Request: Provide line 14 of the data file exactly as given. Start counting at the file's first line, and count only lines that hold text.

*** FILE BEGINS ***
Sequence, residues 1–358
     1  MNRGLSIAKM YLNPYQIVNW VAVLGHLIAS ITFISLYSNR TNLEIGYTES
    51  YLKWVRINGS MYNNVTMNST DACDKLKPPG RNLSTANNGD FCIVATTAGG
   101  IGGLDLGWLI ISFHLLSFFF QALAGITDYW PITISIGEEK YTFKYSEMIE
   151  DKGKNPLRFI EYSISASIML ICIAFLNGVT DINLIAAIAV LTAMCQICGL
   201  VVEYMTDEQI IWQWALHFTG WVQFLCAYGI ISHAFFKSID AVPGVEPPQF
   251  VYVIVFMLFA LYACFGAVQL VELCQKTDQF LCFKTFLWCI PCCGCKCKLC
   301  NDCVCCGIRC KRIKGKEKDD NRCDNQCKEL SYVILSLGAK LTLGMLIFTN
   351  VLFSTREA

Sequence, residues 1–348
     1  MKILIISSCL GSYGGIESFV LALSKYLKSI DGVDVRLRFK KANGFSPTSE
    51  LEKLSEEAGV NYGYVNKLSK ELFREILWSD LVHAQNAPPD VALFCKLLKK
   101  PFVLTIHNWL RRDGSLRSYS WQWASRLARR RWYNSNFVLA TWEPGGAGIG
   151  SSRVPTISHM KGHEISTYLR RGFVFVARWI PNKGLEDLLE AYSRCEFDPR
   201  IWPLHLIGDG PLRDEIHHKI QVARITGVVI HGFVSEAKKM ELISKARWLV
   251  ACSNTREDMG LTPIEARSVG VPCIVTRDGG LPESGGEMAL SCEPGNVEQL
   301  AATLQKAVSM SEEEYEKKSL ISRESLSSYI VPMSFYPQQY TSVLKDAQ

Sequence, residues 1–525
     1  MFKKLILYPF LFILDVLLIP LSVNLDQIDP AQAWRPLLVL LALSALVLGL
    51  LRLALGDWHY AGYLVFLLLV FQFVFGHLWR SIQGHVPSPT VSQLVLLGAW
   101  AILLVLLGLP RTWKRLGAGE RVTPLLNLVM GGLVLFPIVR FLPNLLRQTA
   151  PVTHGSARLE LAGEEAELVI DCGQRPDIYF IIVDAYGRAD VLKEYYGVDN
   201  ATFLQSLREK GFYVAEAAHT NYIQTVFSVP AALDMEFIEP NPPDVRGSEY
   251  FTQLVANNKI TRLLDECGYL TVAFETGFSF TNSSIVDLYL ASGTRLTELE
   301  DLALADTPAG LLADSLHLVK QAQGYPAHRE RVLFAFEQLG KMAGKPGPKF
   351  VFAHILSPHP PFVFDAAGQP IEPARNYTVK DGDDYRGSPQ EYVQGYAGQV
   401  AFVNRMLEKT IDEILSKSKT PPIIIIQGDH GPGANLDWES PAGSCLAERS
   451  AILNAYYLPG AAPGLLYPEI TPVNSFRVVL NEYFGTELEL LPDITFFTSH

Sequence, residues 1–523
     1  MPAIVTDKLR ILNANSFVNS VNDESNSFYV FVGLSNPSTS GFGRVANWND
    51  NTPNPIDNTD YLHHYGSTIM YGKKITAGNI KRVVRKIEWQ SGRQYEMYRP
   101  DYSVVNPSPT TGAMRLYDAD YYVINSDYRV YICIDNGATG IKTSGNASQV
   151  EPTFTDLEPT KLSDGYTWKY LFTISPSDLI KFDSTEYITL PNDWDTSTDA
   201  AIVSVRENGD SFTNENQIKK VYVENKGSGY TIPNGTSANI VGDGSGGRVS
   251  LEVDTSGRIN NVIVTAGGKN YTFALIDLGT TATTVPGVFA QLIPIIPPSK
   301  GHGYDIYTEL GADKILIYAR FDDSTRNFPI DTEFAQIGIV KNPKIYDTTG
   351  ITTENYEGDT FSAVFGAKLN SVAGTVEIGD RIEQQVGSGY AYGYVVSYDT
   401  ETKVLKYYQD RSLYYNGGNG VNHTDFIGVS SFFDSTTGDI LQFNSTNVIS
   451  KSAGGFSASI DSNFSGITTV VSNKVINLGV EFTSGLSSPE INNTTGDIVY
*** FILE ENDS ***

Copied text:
   151  SSRVPTISHM KGHEISTYLR RGFVFVARWI PNKGLEDLLE AYSRCEFDPR